Student Handbook: Disciplinary Policies and Procedures- Hate Crimes and Bias-Related Incidents Protocol

Category: Policies on Bias and Hate Speech School: Pomona College Statement Rating: Yellow Last updated: December 10, 2018

Relevant excerpt

Bias-related incidents are expressions of hostility against another individual (or group) because of the other person’s (or group’s) race, color, religion, ancestry, national origin, disability, gender identity or expression and sexual orientation, or because the perpetrator perceives that the other person (or group) has one or more of these characteristics. Depending on the circumstances, a bias-related incident may not be a crime, and may be protected speech. The conduct underlying some bias-related incidents may violate the College’s policies, including provisions of the Student Code and the Harassment and Discrimination Policy.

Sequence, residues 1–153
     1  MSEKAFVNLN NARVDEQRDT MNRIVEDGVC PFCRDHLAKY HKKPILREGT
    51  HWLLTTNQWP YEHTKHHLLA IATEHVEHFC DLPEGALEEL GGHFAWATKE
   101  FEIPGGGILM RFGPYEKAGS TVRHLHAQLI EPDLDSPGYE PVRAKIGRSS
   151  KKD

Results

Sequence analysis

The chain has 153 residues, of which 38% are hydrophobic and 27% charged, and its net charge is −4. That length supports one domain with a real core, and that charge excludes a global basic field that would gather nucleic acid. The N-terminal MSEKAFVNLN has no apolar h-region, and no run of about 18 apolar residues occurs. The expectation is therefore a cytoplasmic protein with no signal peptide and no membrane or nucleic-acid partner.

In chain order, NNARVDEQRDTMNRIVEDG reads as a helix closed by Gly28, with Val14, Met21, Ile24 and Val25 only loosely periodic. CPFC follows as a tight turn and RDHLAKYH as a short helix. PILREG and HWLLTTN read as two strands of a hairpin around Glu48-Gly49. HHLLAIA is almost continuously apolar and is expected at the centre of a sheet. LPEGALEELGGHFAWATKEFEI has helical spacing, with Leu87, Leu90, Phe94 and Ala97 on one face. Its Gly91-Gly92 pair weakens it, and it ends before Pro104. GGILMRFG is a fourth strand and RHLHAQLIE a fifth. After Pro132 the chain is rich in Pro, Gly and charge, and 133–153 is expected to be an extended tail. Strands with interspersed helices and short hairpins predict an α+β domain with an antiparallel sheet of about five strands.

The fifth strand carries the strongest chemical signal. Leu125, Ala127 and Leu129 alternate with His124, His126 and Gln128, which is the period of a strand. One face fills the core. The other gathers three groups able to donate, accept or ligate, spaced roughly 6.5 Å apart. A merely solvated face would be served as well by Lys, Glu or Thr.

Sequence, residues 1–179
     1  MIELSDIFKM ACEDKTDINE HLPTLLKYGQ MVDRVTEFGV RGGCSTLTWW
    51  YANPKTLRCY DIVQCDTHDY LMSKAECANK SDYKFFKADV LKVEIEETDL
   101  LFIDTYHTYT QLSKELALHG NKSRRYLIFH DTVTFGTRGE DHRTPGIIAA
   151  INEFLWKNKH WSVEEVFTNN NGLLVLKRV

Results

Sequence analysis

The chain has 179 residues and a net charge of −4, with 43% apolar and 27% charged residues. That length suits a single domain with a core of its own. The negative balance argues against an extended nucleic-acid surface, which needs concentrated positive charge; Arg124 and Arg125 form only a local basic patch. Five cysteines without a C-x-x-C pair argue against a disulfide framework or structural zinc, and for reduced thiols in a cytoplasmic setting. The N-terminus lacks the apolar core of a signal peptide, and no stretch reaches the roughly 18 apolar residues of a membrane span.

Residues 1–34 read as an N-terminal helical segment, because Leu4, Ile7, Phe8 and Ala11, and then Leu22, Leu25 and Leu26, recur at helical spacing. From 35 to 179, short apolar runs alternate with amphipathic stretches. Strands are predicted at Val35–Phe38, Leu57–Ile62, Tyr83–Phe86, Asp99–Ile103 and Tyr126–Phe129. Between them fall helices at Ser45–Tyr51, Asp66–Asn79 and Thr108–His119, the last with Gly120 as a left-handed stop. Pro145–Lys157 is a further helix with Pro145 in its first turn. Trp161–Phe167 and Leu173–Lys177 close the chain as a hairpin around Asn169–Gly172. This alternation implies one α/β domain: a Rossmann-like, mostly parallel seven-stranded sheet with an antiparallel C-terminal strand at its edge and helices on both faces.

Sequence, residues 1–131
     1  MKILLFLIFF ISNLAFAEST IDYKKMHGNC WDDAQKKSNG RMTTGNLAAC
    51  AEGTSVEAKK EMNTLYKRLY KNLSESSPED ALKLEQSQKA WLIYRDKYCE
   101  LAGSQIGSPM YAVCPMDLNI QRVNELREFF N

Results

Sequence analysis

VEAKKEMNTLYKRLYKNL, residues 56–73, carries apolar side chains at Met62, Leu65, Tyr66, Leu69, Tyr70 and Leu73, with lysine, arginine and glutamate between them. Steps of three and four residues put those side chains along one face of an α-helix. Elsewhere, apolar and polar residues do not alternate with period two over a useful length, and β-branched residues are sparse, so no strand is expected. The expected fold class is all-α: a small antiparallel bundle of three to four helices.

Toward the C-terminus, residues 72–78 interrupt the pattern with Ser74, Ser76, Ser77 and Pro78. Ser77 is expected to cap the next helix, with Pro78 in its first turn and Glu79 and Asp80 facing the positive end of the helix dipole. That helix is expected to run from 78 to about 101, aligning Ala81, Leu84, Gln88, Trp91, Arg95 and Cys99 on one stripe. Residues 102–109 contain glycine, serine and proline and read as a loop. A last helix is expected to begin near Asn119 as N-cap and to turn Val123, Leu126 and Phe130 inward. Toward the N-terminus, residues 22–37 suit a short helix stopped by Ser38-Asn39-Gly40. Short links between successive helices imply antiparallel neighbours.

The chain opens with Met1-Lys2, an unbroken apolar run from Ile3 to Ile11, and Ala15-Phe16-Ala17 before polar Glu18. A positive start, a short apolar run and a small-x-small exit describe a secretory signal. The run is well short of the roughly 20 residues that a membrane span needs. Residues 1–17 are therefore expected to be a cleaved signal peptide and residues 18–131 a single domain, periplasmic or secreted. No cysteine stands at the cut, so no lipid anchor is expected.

Free Speech requirements protect many forms of “hateful” and intolerant speech and expressive conduct, including that which occurs during such common College activities as debates, speeches, arguments, conversations, classroom discussions, lectures, distribution of flyers and displaying of posters. In certain contexts, courts have found speech and expressive conduct to be protected that many in our community would find repugnant, including such things as display of the confederate flag, nazi symbols, cross burning, and flag burning. Such speech and expressive conduct, however, may be inconsistent with the College’s community values and it may present an opportunity for open dialogue, debate and better understanding othe [sic] scope of protected speech and the role of tolerance in a community.

These guidelines do not alter any College policies – such as the Student Code and Harassment and Discrimination Policy – and are designed to address incidents that violate such policies as well as those which do not. It envisions instances of protected (but hateful or intolerant) speech that may generate harm requiring intervention without discipline. Bias-related incidents need to be addressed because they harm individuals, undermine civility and understanding in the Pomona community, or impede the educational process. Public discussion and education can promote awareness of prejudice and examination of the values that underlie the Pomona community.

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